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Tuesday 26 September 2023,

Mid-infrared Optoelectronics: From Materials Integration and Multiscale Fabrication Toward (i) Chip‐Scale Infrared Spectroscopy and (ii) Optical Network‐on‐Chip
Dr. Pao Tai Lin, post doctoral fellow, Materials Processing Center & Microphotonics Center, Massachusetts Institute of Technology


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Thursday, Feb. 13, 2014
10:30 a.m.
Goldwater Center (GWC) 487 [map]

On-chip optical sensing can offer sub-ppb sensitivity and CMOS fabrication compatibility that enables system-level integration with present mobile microelectronics. Among numerous optical sensing mechanisms, the mid-Infrared (mid-IR) spectrum offers label-free biochemical identification because it overlaps with the characteristic absorption and the finger print region of a wide range of molecules. Although modern mid-IR spectroscopy has demonstrated quantitative and qualitative analysis of chemical compounds, proteins, and micro-organisms, the instruments used are bulky bench-top tools that do not yet perform on-site/in-situ detection.

Lin’s research is to develop chip-scale mid-IR sensor arrays as well as broadband photonic circuits via multidisciplinary effort on materials integration, planar photonics, and multi-scale fabrication. The objective is to create a fully integrated mid-IR system, which is a unique multi-functional platform incorporating light sources, waveguides, modulators, optofluidics, and light detectors, all onto a single chip. Lin will discuss his work on (i) rare-earth compounds and epitaxial ferroelectric thin films for broadband nonlinear light generation, (ii) ultra-low-loss nitride films for waveguiding and wavelength-division multiplexing, (iii) opto-nanofluidics and pedestal waveguides for optical sensing. He will also sketch future research plans in the areas of reconfigurable plasmonics and metamaterials, solution-processed optoelectronic materials, 2-D materials for light modulation and detection, and flexible optoelectronics for body-wearable biomedical devices, along with potential funding opportunities. His research is expected to lead the development of next generation point-of-care diagnosis and networked environmental toxin monitoring.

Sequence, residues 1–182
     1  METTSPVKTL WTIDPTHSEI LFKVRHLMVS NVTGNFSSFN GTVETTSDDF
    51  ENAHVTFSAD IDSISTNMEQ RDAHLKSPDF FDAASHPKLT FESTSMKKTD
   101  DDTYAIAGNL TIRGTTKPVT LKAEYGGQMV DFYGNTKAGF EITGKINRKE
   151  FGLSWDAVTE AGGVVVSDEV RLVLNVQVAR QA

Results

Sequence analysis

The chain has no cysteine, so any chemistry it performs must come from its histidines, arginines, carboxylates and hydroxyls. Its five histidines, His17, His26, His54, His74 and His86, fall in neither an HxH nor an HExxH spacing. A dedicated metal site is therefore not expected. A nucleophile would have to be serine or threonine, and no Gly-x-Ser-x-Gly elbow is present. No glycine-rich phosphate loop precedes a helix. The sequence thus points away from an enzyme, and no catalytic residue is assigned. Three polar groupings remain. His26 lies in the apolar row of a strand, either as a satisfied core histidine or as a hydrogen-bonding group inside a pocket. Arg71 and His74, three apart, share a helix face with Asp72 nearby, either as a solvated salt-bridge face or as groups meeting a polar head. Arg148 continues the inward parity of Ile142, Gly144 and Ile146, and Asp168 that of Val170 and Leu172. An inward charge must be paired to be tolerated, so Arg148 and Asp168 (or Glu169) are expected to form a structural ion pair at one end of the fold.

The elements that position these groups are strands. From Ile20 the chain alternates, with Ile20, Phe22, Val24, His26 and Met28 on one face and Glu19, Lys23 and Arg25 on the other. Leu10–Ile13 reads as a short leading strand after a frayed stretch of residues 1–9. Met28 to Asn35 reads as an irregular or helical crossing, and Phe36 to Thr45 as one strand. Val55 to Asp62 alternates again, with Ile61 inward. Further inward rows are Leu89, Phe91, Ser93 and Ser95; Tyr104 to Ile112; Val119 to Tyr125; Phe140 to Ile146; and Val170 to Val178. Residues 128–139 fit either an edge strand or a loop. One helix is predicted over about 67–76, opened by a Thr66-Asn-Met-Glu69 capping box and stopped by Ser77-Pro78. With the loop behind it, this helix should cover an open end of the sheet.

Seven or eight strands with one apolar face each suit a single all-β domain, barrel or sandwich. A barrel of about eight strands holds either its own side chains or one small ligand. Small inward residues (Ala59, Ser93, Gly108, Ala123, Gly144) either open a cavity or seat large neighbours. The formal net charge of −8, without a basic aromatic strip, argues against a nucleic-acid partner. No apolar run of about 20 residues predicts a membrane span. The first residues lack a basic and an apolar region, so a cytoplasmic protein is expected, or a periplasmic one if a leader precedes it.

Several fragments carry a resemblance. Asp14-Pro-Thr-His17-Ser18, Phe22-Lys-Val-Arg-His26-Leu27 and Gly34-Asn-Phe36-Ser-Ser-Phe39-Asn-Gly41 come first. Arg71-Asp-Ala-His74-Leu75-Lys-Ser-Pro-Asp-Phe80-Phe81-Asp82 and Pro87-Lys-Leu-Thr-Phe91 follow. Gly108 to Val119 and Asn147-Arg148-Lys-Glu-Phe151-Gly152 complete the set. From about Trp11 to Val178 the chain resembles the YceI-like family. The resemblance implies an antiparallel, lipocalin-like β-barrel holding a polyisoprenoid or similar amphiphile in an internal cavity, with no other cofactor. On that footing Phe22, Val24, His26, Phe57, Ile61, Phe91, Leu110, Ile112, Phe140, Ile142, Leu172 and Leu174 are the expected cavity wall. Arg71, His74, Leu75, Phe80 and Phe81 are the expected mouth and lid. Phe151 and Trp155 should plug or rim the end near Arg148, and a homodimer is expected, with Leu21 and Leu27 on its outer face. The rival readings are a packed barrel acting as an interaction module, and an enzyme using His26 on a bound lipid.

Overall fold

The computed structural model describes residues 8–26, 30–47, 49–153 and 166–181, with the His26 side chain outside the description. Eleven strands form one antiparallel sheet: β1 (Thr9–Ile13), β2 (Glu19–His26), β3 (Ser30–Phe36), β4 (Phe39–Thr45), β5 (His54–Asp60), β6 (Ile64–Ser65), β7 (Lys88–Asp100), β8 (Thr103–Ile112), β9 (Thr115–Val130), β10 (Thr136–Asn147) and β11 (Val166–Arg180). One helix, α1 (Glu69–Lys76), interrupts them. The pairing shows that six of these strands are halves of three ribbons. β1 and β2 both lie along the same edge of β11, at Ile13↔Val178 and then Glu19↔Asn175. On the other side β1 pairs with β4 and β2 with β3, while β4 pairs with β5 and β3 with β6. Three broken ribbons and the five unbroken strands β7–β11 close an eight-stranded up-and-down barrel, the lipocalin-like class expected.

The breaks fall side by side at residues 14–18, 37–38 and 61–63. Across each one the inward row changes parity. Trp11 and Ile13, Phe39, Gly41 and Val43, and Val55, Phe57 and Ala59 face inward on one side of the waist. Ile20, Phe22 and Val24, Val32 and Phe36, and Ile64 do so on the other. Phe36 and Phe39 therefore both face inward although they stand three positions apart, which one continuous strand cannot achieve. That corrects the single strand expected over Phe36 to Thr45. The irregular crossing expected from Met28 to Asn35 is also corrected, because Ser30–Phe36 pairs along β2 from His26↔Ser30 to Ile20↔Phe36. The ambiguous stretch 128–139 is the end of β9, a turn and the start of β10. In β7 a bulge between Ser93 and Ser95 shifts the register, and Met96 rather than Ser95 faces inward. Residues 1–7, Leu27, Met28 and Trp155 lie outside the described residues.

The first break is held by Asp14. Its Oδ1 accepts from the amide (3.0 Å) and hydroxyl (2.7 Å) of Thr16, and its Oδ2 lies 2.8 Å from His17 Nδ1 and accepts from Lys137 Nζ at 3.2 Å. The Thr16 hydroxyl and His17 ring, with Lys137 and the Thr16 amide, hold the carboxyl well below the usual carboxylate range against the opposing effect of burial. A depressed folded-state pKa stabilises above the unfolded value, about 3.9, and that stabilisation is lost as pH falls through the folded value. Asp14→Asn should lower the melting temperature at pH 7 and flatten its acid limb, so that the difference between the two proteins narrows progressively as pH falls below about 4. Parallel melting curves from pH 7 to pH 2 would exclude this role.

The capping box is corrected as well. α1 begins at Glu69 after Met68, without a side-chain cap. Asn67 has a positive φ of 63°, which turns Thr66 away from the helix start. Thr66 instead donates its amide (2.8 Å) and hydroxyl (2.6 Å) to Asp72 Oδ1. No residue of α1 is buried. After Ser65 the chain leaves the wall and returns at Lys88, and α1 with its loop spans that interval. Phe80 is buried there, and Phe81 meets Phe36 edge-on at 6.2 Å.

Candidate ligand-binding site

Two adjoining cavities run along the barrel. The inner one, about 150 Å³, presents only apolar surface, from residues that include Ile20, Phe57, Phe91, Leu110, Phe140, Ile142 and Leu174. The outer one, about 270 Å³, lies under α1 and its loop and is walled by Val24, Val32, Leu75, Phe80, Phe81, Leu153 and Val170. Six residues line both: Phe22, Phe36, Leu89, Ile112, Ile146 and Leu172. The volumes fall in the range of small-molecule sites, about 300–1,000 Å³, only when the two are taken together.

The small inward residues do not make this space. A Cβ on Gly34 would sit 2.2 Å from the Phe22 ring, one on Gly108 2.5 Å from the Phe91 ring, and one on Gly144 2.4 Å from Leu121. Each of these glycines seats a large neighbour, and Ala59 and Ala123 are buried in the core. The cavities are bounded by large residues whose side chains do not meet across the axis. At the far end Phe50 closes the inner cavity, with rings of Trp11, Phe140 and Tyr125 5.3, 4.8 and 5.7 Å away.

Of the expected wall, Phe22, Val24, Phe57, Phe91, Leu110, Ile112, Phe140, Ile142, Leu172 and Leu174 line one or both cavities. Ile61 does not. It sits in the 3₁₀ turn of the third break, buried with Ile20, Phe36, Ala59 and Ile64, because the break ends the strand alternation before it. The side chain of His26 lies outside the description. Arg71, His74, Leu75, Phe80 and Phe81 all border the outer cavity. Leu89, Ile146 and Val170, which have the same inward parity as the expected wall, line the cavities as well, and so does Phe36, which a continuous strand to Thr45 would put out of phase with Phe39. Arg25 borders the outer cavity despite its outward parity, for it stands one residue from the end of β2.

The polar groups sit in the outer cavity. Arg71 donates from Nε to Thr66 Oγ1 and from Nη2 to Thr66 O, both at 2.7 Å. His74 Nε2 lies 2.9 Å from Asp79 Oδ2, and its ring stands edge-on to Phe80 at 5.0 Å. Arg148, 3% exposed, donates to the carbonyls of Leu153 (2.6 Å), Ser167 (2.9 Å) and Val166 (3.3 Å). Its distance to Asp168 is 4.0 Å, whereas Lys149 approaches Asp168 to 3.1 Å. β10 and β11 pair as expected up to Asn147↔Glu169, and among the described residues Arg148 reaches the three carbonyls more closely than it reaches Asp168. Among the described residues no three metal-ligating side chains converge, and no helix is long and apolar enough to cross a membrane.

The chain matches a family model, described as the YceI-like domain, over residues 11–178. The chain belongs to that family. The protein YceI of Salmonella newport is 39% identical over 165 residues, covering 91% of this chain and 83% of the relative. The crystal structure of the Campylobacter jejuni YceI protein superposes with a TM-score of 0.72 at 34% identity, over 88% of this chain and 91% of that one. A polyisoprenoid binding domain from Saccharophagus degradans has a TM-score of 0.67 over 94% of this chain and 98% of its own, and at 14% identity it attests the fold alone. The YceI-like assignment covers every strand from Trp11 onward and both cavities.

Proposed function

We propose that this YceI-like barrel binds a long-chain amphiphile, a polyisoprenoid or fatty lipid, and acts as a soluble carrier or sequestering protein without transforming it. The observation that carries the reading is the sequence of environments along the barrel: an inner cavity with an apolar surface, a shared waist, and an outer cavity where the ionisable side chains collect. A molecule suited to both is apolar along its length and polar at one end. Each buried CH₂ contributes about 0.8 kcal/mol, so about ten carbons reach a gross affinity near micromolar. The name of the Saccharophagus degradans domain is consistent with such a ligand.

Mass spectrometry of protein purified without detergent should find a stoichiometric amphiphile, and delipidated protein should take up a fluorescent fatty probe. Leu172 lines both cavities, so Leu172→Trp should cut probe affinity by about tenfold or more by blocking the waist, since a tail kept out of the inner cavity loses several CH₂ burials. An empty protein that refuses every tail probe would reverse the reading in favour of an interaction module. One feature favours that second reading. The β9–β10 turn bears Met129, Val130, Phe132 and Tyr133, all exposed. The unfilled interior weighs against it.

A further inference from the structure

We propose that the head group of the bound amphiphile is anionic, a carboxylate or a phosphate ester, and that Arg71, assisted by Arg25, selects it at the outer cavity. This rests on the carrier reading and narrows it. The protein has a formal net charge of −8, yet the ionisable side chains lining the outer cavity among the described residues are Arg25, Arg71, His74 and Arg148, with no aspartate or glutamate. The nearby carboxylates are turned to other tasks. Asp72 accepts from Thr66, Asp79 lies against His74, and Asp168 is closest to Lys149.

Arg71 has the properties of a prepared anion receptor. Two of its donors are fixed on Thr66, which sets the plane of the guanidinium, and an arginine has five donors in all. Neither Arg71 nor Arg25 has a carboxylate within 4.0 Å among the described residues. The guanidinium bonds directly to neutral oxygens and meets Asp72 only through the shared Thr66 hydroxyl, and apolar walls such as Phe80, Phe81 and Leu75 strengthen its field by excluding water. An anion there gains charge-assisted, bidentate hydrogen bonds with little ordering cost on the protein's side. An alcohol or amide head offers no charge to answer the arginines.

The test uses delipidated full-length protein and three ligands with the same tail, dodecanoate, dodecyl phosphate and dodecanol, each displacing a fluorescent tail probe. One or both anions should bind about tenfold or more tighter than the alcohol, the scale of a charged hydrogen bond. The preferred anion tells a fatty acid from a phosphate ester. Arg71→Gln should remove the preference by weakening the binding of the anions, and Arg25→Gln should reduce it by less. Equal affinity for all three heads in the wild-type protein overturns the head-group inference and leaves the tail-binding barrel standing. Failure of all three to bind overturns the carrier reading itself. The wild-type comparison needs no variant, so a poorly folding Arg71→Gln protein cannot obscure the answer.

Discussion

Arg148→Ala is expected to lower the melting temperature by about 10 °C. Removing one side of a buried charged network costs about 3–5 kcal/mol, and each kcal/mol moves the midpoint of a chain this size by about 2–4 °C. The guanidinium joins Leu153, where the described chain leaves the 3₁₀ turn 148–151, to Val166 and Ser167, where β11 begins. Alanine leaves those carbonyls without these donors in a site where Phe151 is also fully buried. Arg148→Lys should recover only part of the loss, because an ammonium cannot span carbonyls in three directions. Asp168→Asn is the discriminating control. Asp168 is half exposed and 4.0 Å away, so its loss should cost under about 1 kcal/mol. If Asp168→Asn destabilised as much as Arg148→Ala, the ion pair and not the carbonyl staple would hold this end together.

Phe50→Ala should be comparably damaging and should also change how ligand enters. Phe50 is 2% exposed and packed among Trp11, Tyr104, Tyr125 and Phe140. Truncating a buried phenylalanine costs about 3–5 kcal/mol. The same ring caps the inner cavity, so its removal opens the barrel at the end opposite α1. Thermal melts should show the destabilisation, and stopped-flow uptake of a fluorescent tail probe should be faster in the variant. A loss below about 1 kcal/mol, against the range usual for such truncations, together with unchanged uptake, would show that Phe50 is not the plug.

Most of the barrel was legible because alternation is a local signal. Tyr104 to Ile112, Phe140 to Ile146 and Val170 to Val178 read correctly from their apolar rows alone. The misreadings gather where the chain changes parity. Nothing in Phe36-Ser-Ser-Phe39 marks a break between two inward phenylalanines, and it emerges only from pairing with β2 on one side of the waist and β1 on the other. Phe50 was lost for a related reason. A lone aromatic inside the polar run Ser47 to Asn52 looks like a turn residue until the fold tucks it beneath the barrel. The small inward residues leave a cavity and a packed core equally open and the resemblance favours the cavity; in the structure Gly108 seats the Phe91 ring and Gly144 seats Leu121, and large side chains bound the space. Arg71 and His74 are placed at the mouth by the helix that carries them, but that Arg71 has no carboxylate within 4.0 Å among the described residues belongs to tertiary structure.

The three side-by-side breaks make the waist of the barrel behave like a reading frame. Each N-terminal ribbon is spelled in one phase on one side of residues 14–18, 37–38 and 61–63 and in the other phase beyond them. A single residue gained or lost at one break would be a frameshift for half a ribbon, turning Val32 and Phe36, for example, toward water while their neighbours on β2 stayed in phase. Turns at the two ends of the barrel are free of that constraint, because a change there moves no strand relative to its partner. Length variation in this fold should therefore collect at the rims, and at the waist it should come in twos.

Pao Tai Lin is a postdoctoral fellow in the Materials Processing Center & Microphotonics Center at the Massachusetts Institute of Technology. He earned his Ph.D. in Materials Science and Engineering from Northwestern University. His primary research area is in the development of mid-Infrared optoelectronic materials and devices for chip-scale label-free biochemical sensing and broadband energy-efficient network-on-chip. He conducts research on nanophotonics & metamaterials, multiscale 3-D fabrication technologies, and solution synthesis of multi-functional materials. Pao Tai Lin has published 21 peer-reviewed journal papers and another 42 conference proceedings and presentations.

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